39. The Moor river improvement project
Themes: Community engagement and participation; Promoting appropriate and sympathetic land management; Improving water quality and water quantity
- Promote the river as a community and educational resource
- Reduce flood risk
- Improve existing wildlife corridors
- Increase the amount and quality of habitat
The Moor river improvement project is one of a number of projects that are taking place as part of the Revitalising Chalk Rivers partnership, in collaboration with the Environment Agency.
Stakeholder engagement is key to the success of the morphological projects along the Upper River Lea and Affinity Water has worked in partnership with Luton Borough Council and the Luton Lea River Catchment Partnership. These improvement works will help to restore and improve the habitat of chalk streams along the River Lea and to meet the EU Water Frame Directive of Good Ecological Potential by 2027.
The channel is generally over-wide, especially at the upstream end, and consequently sediment is deposited on the bed, smothering any gravel that may be present (Figure 1). This is a problem, as gravel is vital for the spawning of many fish species, such as trout, and also supports a wide range of invertebrates. The steep right bank requires re-profiling to allow plants to become established and to reduce the amount of silt entering the river. (Figure 2), the trees on the left (east) bank over shade the river, restricting the growth of in-channel and marginal plants.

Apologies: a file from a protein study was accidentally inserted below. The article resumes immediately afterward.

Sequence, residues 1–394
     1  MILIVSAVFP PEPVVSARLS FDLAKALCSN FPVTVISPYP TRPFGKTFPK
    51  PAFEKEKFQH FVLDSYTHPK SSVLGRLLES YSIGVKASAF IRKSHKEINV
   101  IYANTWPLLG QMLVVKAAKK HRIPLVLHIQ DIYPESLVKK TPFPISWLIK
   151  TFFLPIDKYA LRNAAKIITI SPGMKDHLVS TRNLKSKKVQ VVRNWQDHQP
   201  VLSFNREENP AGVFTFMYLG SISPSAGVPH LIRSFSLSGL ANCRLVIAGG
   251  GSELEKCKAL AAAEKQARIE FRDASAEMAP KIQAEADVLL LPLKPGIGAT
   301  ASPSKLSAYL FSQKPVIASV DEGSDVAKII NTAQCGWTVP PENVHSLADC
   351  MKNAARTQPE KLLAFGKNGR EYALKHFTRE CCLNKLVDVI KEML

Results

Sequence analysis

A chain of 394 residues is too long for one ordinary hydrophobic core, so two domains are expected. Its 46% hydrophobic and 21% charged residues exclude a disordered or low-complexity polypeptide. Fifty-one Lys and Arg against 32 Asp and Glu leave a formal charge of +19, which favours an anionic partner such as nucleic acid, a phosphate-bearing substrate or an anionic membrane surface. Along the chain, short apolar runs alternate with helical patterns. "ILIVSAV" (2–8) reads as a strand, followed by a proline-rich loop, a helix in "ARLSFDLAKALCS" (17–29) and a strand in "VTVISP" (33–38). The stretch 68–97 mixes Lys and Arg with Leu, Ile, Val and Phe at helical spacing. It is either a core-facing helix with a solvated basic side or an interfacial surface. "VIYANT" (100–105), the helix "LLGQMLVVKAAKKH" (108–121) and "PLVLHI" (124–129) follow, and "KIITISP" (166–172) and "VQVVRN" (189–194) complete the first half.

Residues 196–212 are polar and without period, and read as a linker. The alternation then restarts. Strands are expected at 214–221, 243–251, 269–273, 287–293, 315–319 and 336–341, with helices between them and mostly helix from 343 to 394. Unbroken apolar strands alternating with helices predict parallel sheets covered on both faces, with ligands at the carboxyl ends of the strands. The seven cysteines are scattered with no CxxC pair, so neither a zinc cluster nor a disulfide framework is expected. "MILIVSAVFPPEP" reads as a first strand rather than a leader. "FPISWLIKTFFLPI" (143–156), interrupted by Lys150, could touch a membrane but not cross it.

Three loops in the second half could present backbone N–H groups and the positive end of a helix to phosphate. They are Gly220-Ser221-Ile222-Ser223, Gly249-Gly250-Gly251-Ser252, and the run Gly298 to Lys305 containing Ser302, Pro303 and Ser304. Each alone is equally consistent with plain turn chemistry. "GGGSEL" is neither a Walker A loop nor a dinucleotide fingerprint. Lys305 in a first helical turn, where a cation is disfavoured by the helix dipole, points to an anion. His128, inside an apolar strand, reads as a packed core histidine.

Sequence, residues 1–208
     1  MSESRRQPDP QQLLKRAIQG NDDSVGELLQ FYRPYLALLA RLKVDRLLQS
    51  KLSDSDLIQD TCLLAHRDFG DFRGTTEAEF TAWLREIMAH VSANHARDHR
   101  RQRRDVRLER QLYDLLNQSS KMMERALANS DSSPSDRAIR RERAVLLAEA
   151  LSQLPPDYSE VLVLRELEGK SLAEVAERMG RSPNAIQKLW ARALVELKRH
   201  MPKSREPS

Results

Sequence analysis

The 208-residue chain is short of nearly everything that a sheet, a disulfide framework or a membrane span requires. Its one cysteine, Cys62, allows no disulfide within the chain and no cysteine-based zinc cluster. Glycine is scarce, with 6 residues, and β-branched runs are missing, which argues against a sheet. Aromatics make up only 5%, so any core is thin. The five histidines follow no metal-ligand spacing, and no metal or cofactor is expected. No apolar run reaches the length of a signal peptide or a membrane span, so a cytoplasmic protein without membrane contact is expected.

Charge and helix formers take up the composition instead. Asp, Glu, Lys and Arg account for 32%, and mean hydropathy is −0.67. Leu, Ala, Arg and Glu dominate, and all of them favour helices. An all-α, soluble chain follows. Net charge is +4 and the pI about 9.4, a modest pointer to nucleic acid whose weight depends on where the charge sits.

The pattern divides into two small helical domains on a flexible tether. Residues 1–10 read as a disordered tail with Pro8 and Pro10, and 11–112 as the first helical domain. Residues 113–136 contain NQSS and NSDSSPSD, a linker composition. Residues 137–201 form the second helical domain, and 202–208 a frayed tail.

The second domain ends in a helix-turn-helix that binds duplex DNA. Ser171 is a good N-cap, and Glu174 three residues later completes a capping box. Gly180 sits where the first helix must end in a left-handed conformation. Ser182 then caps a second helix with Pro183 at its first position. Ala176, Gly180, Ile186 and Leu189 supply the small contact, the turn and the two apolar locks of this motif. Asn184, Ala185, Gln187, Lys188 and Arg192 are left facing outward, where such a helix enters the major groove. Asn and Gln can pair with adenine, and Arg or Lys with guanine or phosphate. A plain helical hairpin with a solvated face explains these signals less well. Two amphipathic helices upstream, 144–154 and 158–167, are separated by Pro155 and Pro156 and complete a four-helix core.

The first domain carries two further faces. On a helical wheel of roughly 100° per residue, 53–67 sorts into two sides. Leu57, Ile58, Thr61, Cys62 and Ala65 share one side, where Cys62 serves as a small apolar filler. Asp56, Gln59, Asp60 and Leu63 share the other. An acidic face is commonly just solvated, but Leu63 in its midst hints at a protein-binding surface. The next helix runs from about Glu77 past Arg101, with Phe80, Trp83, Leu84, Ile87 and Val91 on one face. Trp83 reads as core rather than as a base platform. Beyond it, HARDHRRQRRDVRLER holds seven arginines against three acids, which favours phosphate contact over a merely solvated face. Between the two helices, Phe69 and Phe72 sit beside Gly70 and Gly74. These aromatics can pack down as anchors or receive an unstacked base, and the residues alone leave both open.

Construction started on 6 January 2020, our contractor battled the storms of Ciara and Dennis and the subsequent high river levels to complete the project on time by the end of March 2020.
We constructed a bund to divert the river down the new channel that meanders further into the park. The old river channel now provides a wetland habitat and a buffer from road run-off pollution.
Berms, riffles and pools have been created in the new river channel to provide a mosaic of different habitats for insects, plants and fish.
The river channel has also been designed to be resilient in times of low-flow and has increased the flood capacity of the wetland areas by 700m3 .
The after photos look a bit raw at the moment but given time come the summer the vegetaion will be growing through the coir matting.
The aim of the works is to naturalise the River Lea in Luton as much as possible by carrying out tree works and cut back overgrown trees, to allow sunlight to reach the river and its bank, which will improve biodiversity in the river corridor. Also to reprofile the river banks and re-meander the river channel further into the park (Figures 3 and 4), to create wetland areas and a backwater (Figures 5, 6, 7 and 8), making the river more resilient to low-flows.
This will all help the river meet the requirements of the Water Framework Directive.
Where possible the project will improve the river as an amenity feature for the local community and reduce the risk of flooding.
Figure 1: Looking downstream, a view of the River Lea at The Moor, from the north before restoration.
Figure 2: Looking downstream, a view of the River Lea at The Moor, from the north after restoration, a bund constructed to create wetland in old channel and to divert river into new channel (March 2020).
Figure 3: Looking upstream from the middle of the site, before restoration.
Figure 4: Looking upstream from the middle of the site, after restoration. Water levels still high drowning out the berms that are just visible at the water line on both left and right banks.
Figure 5: Looking downstream to the lower end of the site, before restoration.
Figure 6: Looking downstream to the lower end of the site, after restoration a beach area for people and dogs to access the river (March 2020).
Figure 7: The downstream end of the reach, before restoration.
Figure 8: The downstream end of the reach, river meander further into the park and a backwater created, after restoration (March 2020).